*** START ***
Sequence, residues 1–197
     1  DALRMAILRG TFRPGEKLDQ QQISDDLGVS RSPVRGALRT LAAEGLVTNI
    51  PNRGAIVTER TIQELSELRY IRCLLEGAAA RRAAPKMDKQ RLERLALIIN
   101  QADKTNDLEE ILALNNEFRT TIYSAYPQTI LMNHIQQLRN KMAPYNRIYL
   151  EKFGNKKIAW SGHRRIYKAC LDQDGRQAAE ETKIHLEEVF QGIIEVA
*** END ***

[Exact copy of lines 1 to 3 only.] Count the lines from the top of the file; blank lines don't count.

Sequence, residues 1–197
     1  DALRMAILRG TFRPGEKLDQ QQISDDLGVS RSPVRGALRT LAAEGLVTNI
    51  PNRGAIVTER TIQELSELRY IRCLLEGAAA RRAAPKMDKQ RLERLALIIN